Health Law
Jul 2005

Chaoulli v. Quebec: Testing the Single-Payer System

Albert J. Schumacher, MD
Virtual Mentor. 2005;7(7):489-490. doi: 10.1001/virtualmentor.2005.7.7.hlaw1-0507.


On June 9, 2005, the Supreme Court of Canada struck down a Quebec law that banned the use of private insurance for publicly insured health services covered under that province's universal health care system, Medicare.1 The goal of the long-standing ban was to prevent those who could afford it from "jumping the line," and paying for faster service with private insurance rather than waiting their turn for Medicare treatment, as those with less money must do. The historic ruling threatens to alter the country's determined resistance to a 2-tiered system of payment for medical services.

The following comments, based on a discussion with Canadian Medical Association president, Albert J. Schumacher, MD, and a written statement from physicians Sylvia R. Cruess, MD, and Richard L. Cruess, MD, provide some background for the landmark Court decision and some thoughts on its implications for the country's universal health care system.

In a joint statement to the press, the Canadian Medical Association (CMA) and the Canadian Orthopaedic Association expressed concurrence with the fundamental position of the Court's decision that Canadians have the right to timely access to health services.2 Quoting from that statement, CMA president Albert J. Schumacher, MD, said that the Court's decision "represents a stinging indictment of the failure of the governments [federal and provincial] to respond to the mountains of studies and years of research" with any real improvements in the system.2 Wait times have become so long as to amount to rationing, Schumacher said, adding that patients have died on the wait list.

The Canada Health Act, passed by Parliament in 1984, established universal and mandatory coverage for all citizens and forbade Canadian physicians to accept private funds for medically necessary services. The act listed 5 criteria for the national health care system:

  1. Public administration – by a nonprofit public authority appointed by the government of the province;
  2. Comprehensiveness – coverage of all services provided by hospitals, medical practitioners, or dentists and, where the law of the province permits, similar or additional services rendered by other health care practitioners;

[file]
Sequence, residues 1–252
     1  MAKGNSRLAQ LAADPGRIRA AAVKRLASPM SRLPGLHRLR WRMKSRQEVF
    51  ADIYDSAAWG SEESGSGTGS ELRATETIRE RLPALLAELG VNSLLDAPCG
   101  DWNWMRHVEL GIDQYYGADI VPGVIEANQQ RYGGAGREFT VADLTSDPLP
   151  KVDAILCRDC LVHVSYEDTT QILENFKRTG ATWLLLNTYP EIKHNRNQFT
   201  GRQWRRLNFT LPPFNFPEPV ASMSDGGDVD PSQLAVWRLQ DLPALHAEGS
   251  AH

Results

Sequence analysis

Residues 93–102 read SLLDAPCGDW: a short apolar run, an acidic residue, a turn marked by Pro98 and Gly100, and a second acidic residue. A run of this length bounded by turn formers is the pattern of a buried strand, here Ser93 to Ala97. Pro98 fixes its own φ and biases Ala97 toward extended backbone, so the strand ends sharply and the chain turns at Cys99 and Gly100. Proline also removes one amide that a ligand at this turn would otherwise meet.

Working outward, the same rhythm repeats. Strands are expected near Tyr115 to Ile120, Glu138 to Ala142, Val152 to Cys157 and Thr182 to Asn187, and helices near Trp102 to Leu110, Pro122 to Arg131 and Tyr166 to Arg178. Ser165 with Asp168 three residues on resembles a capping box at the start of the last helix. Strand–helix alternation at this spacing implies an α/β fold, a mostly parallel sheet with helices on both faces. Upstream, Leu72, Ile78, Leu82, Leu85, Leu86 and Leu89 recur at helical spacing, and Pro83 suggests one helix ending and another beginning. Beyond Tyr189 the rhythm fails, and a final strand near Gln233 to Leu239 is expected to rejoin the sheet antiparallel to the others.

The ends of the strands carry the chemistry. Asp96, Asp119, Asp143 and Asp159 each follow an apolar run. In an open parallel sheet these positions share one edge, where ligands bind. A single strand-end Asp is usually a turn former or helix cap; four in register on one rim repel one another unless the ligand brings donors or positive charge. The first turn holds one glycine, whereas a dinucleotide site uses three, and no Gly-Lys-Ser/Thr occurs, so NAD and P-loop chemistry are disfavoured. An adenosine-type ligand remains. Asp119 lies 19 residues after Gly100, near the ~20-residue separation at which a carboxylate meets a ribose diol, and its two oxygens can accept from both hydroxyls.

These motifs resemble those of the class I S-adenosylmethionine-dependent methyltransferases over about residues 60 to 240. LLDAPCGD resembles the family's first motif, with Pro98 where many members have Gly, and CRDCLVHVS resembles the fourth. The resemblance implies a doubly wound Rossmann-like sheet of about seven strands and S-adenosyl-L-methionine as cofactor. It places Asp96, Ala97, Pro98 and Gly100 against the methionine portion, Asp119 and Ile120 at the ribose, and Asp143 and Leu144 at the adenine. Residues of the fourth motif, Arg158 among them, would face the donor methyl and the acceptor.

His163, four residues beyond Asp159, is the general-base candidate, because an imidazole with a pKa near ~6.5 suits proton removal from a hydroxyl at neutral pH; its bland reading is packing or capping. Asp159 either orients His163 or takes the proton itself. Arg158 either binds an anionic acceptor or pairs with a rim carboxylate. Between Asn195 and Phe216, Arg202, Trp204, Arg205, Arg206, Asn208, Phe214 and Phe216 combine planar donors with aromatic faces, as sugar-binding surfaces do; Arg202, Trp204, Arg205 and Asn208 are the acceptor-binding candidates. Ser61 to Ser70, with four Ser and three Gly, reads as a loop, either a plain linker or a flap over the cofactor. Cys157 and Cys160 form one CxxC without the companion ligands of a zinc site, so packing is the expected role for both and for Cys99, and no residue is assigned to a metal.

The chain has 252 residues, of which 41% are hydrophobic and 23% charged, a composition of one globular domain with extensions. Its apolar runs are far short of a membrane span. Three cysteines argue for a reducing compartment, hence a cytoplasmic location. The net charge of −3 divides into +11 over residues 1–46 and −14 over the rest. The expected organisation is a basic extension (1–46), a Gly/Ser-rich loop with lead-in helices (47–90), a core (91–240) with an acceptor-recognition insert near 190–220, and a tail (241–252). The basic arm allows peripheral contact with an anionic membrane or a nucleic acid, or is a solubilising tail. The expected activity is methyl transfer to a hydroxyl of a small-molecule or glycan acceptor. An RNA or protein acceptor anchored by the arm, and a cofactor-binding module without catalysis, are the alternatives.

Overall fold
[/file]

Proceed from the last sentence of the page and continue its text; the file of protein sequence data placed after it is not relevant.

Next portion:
3. Universality – plan services available to 100 percent of the insured persons of the province;
  4. Portability – residency requirement or waiting period of no more than 3 months before residents of a province are eligible for services;
  5. Accessibility – provision of services on a uniform basis that does not impede or preclude access through financial or other barriers.

Dr. Schumacher said the Supreme Court decision could have the effect of adding "timely access" as a sixth criterion for the Canadian health plan.3

The CMA and 6 national specialty associations established a Wait Time Alliance to work on timely access to care for Canadian citizens long before the Supreme Court ruling.4 The goal of the Wait Time Alliance, which released an interim report on April 3, 2005,5 is to determine evidence-based benchmarks for acceptable wait times in 5 areas of medical need—diagnostic imaging (CT scans, MRIs and nuclear medicine), hip and knee replacement surgery, radiation therapy, cataract surgery, and cardiac care. Procedures in these areas of medical need are classified into 3 levels of priority—emergency, urgent/semi-urgent, and routine—with medically appropriate wait times stipulated for each level of priority. The final report of the Wait Time Alliance is due out by the end of summer.

Despite claims by the media and some politicians that the Court's ruling could signal the collapse of universal health care in Canada, Dr. Schumacher doubts that it will open floodgates to a private insurance industry. At most, the decision cracks the door for those instances in which wait time is tantamount to rationing of a needed service. Dr. Schumacher predicts that Canada may migrate, as some European countries have done, toward the existence of a small private health care market that represents a single-digit percentage of the much larger government system.


  1. Chaoulli v Quebec (Attorney General), 2005 SCC 35.

  2. CMA/COA press conference [press release and conference]. Available at Accessed June 20, 2005.

  3. Personal Communication with Virtual Mentor editor: June 23, 2005.

  4. The Wait Time Alliance comprises the CMA, the Canadian Association of Radiologists, the Canadian Association of Nuclear Medicine, the Canadian Association of Radiation Oncologists, the Canadian Cardiovascular Society, the Canadian Ophthalmological Society, and the Canadian Orthopaedic Association.

  5. Eggertson L. Access to health care: Wait Time Alliance first to set benchmarks. Can Med Assoc J. 2005;172(10):1277.


Virtual Mentor. 2005;7(7):489-490.



The viewpoints expressed in this article are those of the author(s) and do not necessarily reflect the views and policies of the AMA.